“To really feel like a Parisian, you have to walk, get a little lost,
and open yourself up to opportunities to speak French,” Pomona College French professor Peggy Waller told me.
To me, this is horrifying on an instinctual level.
As a definitive Myers-Briggs “I” (for introvert), I do not particularly enjoy
the idea of interacting with strangers at home in my mother tongue, let alone
in some language I don’t really speak in Paris, a city allegedly full of the world’s
most judgmental humans. That said, a part of me knew that my professor was probably right and that I should attempt to pursue interactions with French
people for the laudable objectives of language learning, cultural
understanding, and P3r$0n@l Gr0wth.
In many ways, I don’t have a choice. Between
courses at three campuses, choir rehearsals, and attempts to feed and entertain
myself, I am constantly traversing the city of Paris. Getting lost is easy. As it turns
out, getting “found” isn’t so hard after all.
I must magnetically attract tourists and
other lost souls, since I am disproportionately asked for directions in French,
English, and every other language under the sun. My apparent approachability
means one of two things: I either look local and competent, or I am so clearly
not French that people know that they will not incur the wrath of Parisian judgment
by asking me for help. Given the inordinate amount of time I spend wandering in
circles looking for a street sign while simultaneously gorging myself on
patisserie, I’m guessing it’s probably the latter. You’re welcome, tourists of
But what of the Parisians themselves? What of
the fabled wrath?
When Parisians talk to me, they can obviously
discern that I’m not French, but often have trouble placing my accent and
“You just don’t have an American attitude,” insisted the man who
sold me my civil liability insurance. “When American students come in here they want to speak English.” He shook his head as a look of abject horror flitted across his face.
For better or for worse, from librarians to “boulangers” to my
fellow university students, the Parisians I have interacted with have, to
varying degrees, a perception of Americans as uninterested in
learning foreign languages. Paradoxically, this can yield positive interactions
if one speaks French.
To celebrate being insured, I stopped for a beer
amidst a sea of regulars at a 14th arrondissement cafe, striking up a
conversation with the older Algerian bartender. When he asked if I was Québécois
(and therefore a native speaker), I was overcome with language-learner’s joy. At
that point, I revealed my nationality, ushering in a half-hour conversation about
his recent trip to New York, complete with a viewing of his iPhone photos of
Times Square. This knocked several euros off my tab, and I left floating on a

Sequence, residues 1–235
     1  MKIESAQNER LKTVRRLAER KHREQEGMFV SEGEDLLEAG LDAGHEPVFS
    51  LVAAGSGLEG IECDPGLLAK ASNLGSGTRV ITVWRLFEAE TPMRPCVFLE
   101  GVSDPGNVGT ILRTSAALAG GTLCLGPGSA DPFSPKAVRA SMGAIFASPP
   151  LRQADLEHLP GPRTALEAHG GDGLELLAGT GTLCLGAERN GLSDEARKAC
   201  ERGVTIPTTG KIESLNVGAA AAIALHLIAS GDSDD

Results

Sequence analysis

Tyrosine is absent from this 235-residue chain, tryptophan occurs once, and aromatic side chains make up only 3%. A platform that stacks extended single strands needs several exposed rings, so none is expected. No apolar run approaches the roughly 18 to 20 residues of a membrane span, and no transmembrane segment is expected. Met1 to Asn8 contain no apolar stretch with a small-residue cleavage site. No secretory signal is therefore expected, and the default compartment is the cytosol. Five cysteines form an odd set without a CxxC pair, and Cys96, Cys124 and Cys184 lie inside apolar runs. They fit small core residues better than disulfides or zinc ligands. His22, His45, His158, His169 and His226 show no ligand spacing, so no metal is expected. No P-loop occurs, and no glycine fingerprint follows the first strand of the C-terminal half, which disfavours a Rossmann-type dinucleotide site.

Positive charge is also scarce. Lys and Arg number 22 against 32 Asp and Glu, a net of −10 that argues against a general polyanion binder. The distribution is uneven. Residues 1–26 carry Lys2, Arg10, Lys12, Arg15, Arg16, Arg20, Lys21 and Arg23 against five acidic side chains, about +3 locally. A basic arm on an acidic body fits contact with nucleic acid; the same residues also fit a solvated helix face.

cloud as fluffy as a “Ladurée fleur de sel macaron.”
On the way home, I (completely
unintentionally) stumbled across a panoramic view of the city from Montmartre
just as the sun was setting. My soul ascended to Francophile nirvana.
someone was speaking French at me, commenting on the unusually clear sky. While
Myers-Briggs “I’s” generally do their sunset-watching alone and in silence, I
decided this was an exceptional case. I let myself reply, asking if it was unusual.
And there it was, the moment of discovery: “You’re not from here, are
I gave the standard spiel—American, studying abroad, history major, California (north and south)—then tried to turn the
conversation back to the view, but he was caught up on the fact that I was an
American in France speaking French.
“But why did you even start learning French?
Why did you keep going? Americans just don’t want to learn other languages!
You’re all wrapped up in being American and exporting that, shutting everything
These critiques and questions launched us into a
40-minute discussion. As I finally started down the steps of Sacré-Coeur to
catch the metro, he shook my hand.
“I am so glad I met you,” he told me. “You
have single-handedly changed the way I think about Americans and their approach
to language and culture.”
My dear friend Graham assured me that my new acquaintance was
undeniably hitting on me or creating a diversion while someone robbed me. While
both of these are highly plausible scenarios (yes, the City of Lights also
happens to be the City of Pickpockets and Wannabe “Dragueurs”), I am choosing to
disregard them and believe that I have done my part to help the world forget
There you are, Pomona Office of Study Abroad—I have
played my part as ambassador of America, and participated in transformative
linguistic and culture exchange. I guess I can go home now.
Actually, no thanks. With this newfound
openness, this vulnerability to being found, I’ve decided that another four months of Parisian
wandering doesn’t sound half bad.